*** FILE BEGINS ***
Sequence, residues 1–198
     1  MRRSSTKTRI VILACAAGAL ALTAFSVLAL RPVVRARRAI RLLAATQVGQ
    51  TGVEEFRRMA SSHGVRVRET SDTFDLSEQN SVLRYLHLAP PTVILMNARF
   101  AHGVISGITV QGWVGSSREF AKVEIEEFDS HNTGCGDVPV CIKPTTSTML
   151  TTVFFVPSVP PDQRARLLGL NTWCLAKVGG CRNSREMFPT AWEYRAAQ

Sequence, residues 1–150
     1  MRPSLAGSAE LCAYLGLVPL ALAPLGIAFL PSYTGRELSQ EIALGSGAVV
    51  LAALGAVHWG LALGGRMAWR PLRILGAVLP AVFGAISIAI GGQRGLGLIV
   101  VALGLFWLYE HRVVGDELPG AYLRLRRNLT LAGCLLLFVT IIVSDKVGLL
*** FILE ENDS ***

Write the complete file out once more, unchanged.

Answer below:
Sequence, residues 1–198
     1  MRRSSTKTRI VILACAAGAL ALTAFSVLAL RPVVRARRAI RLLAATQVGQ
    51  TGVEEFRRMA SSHGVRVRET SDTFDLSEQN SVLRYLHLAP PTVILMNARF
   101  AHGVISGITV QGWVGSSREF AKVEIEEFDS HNTGCGDVPV CIKPTTSTML
   151  TTVFFVPSVP PDQRARLLGL NTWCLAKVGG CRNSREMFPT AWEYRAAQ

Sequence, residues 1–150
     1  MRPSLAGSAE LCAYLGLVPL ALAPLGIAFL PSYTGRELSQ EIALGSGAVV
    51  LAALGAVHWG LALGGRMAWR PLRILGAVLP AVFGAISIAI GGQRGLGLIV
   101  VALGLFWLYE HRVVGDELPG AYLRLRRNLT LAGCLLLFVT IIVSDKVGLL